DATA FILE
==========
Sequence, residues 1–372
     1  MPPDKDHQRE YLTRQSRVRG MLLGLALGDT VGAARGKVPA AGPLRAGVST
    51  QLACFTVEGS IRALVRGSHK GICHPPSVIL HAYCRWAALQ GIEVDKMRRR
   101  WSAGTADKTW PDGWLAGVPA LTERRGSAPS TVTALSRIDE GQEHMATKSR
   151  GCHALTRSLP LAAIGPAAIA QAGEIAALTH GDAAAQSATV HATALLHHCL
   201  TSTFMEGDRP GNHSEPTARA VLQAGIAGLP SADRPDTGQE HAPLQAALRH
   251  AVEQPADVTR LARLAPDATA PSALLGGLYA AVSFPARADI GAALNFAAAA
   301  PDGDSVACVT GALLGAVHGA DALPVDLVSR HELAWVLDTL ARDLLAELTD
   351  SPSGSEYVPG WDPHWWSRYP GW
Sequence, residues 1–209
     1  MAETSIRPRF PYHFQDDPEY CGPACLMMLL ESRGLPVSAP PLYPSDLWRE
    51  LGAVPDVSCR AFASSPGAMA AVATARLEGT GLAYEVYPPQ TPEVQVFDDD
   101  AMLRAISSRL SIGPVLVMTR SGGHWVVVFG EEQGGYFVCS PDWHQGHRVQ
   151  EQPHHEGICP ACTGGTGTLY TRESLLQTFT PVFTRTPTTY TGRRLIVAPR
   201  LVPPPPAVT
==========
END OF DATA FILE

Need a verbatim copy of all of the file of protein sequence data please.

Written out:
Sequence, residues 1–372
     1  MPPDKDHQRE YLTRQSRVRG MLLGLALGDT VGAARGKVPA AGPLRAGVST
    51  QLACFTVEGS IRALVRGSHK GICHPPSVIL HAYCRWAALQ GIEVDKMRRR
   101  WSAGTADKTW PDGWLAGVPA LTERRGSAPS TVTALSRIDE GQEHMATKSR
   151  GCHALTRSLP LAAIGPAAIA QAGEIAALTH GDAAAQSATV HATALLHHCL
   201  TSTFMEGDRP GNHSEPTARA VLQAGIAGLP SADRPDTGQE HAPLQAALRH
   251  AVEQPADVTR LARLAPDATA PSALLGGLYA AVSFPARADI GAALNFAAAA
   301  PDGDSVACVT GALLGAVHGA DALPVDLVSR HELAWVLDTL ARDLLAELTD
   351  SPSGSEYVPG WDPHWWSRYP GW
Sequence, residues 1–209
     1  MAETSIRPRF PYHFQDDPEY CGPACLMMLL ESRGLPVSAP PLYPSDLWRE
    51  LGAVPDVSCR AFASSPGAMA AVATARLEGT GLAYEVYPPQ TPEVQVFDDD
   101  AMLRAISSRL SIGPVLVMTR SGGHWVVVFG EEQGGYFVCS PDWHQGHRVQ
   151  EQPHHEGICP ACTGGTGTLY TRESLLQTFT PVFTRTPTTY TGRRLIVAPR
   201  LVPPPPAVT